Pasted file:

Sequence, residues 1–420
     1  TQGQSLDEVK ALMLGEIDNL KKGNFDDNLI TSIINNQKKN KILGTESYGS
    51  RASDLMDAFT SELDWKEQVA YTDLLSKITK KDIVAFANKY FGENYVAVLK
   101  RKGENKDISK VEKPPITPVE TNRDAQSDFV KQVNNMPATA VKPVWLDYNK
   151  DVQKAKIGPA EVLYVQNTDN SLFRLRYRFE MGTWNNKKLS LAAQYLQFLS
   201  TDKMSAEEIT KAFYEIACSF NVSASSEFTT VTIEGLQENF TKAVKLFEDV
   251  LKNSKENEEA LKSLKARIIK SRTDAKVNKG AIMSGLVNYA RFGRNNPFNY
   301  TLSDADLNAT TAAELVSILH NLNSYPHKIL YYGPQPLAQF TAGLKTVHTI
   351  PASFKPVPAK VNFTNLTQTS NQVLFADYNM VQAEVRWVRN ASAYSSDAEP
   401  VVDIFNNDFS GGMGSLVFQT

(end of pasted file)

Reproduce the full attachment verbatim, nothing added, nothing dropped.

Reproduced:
Sequence, residues 1–420
     1  TQGQSLDEVK ALMLGEIDNL KKGNFDDNLI TSIINNQKKN KILGTESYGS
    51  RASDLMDAFT SELDWKEQVA YTDLLSKITK KDIVAFANKY FGENYVAVLK
   101  RKGENKDISK VEKPPITPVE TNRDAQSDFV KQVNNMPATA VKPVWLDYNK
   151  DVQKAKIGPA EVLYVQNTDN SLFRLRYRFE MGTWNNKKLS LAAQYLQFLS
   201  TDKMSAEEIT KAFYEIACSF NVSASSEFTT VTIEGLQENF TKAVKLFEDV
   251  LKNSKENEEA LKSLKARIIK SRTDAKVNKG AIMSGLVNYA RFGRNNPFNY
   301  TLSDADLNAT TAAELVSILH NLNSYPHKIL YYGPQPLAQF TAGLKTVHTI
   351  PASFKPVPAK VNFTNLTQTS NQVLFADYNM VQAEVRWVRN ASAYSSDAEP
   401  VVDIFNNDFS GGMGSLVFQT